• ETFs (Exchange-Traded Funds): ETFs are investment vehicles that trade on stock exchanges. They frequently follow certain market indexes and are a popular option for DIIs seeking passive investment.

A Few Other Aspects to Know About FII and DII

Here are the few other aspects to know about FII and DII:

FII (Foreign Institutional Investors)

  • FII (Foreign Institutional Investors) refers to investors or entities from countries outside India.
  • It consists of hedge funds, insurance firms, pension funds, investment banks, and mutual funds.
  • FIIs must register with SEBI (Securities and Exchange Board of India) before operating in India.

DII (Domestic Institutional Investors)

  • DIIs are institutions or groups that originate and operate in India.
  • Made up mostly of Indian mutual funds, insurance firms, banks, and pension funds.
  • They are also subject to SEBI's jurisdiction and must adhere to norms designed specifically for domestic firms.

Conclusion

Knowing the distinction between FIIs and DIIs is critical for everyone interested in the Indian stock market. While both types of institutional investors contribute to market liquidity, their origins, investment techniques, and influence on market dynamics differ greatly. Furthermore, the sorts of FIIs and DIIs authorised in India add to the investment landscape's diversity, catering to a wide range of investor demands and preferences. When making investment decisions, investors should always choose a reliable online trading app to examine the roles and behaviours of FIIs and DIIs, since these institutional actors have diverse influences on market trends and asset prices.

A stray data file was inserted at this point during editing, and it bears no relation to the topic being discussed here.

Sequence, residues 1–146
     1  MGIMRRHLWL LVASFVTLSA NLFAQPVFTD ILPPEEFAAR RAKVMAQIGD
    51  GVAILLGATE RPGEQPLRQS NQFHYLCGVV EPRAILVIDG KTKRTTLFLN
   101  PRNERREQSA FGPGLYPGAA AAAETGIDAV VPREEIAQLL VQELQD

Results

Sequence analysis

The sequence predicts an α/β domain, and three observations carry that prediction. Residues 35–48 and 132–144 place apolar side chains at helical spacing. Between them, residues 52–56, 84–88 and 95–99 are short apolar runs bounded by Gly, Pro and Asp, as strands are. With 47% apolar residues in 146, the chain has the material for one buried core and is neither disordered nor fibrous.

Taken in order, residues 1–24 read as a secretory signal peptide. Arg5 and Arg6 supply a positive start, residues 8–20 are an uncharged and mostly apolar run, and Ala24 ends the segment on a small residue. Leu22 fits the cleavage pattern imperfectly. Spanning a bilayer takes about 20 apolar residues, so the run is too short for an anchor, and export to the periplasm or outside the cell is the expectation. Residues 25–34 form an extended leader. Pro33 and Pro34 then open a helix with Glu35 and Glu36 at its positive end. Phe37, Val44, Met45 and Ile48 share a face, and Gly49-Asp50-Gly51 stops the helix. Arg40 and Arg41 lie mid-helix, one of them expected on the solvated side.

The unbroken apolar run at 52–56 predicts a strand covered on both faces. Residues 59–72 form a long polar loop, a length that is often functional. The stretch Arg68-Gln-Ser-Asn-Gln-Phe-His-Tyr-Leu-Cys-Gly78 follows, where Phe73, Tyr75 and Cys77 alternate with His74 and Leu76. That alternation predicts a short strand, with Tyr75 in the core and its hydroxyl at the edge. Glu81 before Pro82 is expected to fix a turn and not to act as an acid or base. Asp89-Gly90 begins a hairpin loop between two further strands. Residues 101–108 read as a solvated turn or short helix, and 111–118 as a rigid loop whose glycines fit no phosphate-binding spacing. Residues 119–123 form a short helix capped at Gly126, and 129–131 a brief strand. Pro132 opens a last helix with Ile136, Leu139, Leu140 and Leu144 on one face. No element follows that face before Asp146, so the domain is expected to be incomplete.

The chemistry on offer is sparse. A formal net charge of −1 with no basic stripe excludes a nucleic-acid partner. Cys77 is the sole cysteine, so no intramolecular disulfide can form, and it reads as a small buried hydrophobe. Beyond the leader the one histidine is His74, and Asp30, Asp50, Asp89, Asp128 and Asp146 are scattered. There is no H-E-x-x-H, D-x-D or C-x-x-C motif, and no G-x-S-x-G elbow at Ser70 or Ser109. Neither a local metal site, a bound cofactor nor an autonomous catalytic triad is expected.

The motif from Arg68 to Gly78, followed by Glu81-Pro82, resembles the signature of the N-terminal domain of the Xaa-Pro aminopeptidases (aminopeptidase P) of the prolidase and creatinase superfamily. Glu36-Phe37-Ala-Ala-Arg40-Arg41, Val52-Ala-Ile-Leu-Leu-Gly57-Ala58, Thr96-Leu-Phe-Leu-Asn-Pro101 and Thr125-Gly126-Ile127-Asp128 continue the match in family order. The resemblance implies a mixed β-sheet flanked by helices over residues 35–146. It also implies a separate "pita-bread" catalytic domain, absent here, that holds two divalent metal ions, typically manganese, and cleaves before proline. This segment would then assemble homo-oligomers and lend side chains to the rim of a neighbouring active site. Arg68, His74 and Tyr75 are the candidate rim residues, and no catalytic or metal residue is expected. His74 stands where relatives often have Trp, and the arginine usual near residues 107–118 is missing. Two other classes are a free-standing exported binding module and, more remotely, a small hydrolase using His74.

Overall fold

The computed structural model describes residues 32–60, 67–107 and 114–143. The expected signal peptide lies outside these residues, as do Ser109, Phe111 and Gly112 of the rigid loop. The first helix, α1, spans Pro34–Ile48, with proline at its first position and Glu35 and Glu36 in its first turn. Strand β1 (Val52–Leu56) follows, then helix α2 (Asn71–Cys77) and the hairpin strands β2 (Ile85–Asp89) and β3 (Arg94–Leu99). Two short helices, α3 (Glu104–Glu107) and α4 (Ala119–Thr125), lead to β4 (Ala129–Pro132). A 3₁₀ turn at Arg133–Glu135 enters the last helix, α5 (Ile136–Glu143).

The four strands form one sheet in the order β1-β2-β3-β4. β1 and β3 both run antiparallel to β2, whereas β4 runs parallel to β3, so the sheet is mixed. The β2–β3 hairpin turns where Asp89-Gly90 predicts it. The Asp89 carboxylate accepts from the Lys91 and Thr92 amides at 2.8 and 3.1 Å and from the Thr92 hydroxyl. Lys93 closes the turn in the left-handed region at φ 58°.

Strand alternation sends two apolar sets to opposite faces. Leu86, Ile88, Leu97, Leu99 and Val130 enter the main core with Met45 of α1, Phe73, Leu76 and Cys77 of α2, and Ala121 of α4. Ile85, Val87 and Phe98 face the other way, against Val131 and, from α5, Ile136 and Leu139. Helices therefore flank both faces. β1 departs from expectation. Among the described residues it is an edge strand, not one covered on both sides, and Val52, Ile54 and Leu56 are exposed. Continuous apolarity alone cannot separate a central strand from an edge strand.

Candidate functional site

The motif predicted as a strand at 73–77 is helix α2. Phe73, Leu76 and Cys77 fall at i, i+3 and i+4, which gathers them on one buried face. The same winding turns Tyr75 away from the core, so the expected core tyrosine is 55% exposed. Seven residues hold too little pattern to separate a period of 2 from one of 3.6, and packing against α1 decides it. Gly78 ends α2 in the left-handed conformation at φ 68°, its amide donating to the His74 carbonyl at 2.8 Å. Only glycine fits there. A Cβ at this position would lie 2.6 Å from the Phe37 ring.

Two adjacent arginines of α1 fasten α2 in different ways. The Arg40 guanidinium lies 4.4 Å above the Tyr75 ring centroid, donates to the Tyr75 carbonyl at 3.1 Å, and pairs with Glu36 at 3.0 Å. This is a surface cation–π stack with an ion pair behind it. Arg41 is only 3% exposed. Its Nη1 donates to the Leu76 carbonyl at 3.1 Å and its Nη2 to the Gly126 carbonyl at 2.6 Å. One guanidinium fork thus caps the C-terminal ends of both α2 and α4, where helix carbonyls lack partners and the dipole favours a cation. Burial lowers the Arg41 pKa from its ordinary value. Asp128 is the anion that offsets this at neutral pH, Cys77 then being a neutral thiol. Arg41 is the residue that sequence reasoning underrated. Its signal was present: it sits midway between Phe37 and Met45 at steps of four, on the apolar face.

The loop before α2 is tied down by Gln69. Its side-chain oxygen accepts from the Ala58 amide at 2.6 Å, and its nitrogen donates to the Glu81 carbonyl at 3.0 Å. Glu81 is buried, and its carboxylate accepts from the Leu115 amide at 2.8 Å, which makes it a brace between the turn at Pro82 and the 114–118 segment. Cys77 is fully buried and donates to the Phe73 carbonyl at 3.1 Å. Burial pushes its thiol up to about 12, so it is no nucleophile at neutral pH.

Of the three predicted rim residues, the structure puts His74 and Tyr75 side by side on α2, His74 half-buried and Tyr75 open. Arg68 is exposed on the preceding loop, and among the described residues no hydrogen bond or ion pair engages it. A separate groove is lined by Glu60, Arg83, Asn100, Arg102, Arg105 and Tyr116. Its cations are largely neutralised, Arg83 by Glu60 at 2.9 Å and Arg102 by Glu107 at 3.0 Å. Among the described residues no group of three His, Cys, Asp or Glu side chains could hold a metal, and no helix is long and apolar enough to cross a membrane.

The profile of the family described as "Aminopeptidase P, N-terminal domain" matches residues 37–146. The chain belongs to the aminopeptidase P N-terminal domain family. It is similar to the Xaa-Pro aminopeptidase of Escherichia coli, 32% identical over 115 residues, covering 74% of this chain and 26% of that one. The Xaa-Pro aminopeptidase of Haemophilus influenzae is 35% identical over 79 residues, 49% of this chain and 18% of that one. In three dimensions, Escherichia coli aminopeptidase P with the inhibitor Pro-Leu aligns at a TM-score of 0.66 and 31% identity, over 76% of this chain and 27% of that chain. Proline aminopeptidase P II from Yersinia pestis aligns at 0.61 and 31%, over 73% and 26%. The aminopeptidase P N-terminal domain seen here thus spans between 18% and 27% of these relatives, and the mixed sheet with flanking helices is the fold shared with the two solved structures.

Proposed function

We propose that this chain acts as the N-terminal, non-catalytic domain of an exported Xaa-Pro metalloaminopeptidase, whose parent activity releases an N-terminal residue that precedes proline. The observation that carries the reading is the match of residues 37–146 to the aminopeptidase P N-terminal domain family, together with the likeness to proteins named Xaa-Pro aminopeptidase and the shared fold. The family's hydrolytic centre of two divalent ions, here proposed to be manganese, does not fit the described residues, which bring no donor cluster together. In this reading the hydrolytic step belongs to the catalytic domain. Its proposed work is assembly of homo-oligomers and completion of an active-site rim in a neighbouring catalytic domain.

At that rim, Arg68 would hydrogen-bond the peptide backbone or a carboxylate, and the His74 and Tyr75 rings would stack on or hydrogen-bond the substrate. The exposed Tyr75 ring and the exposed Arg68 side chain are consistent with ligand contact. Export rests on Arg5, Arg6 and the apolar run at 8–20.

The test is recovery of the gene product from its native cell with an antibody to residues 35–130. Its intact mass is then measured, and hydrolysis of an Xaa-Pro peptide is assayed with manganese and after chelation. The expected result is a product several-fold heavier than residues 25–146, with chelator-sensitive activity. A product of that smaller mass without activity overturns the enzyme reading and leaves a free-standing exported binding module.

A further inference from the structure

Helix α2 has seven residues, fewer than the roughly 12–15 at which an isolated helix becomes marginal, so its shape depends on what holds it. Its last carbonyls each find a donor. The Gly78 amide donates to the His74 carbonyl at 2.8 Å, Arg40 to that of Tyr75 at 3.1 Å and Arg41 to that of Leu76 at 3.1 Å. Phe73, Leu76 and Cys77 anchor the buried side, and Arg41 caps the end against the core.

Difference Between FII And DII FAQs

For any particular period, the FII and DII 'ownership ratio' is equal to the total FII equity holdings divided by the total DII holdings.

Yes, FIIs (Foreign Institutional Investors) and DIIs (Domestic Institutional Investors) influence market behaviour differently. FIIs often bring in foreign capital, impacting market sentiment, while DIIs largely represent domestic investors' sentiments and investment patterns.

FIIs often have shorter investment horizons and may pursue more speculative or short-term trading tactics. DIIs tend to prioritise long-term wealth growth and portfolio diversity.

FIIs must adhere to regulatory requirements in both their home nation and the host country where they invest. DIIs are largely controlled by the domestic financial authorities in their native countries.

In technical terms, FDI is an investment in the country's main markets, whereas FII is an investment in the country's secondary markets. As a result, in terms of economic success, FDI outperforms FII.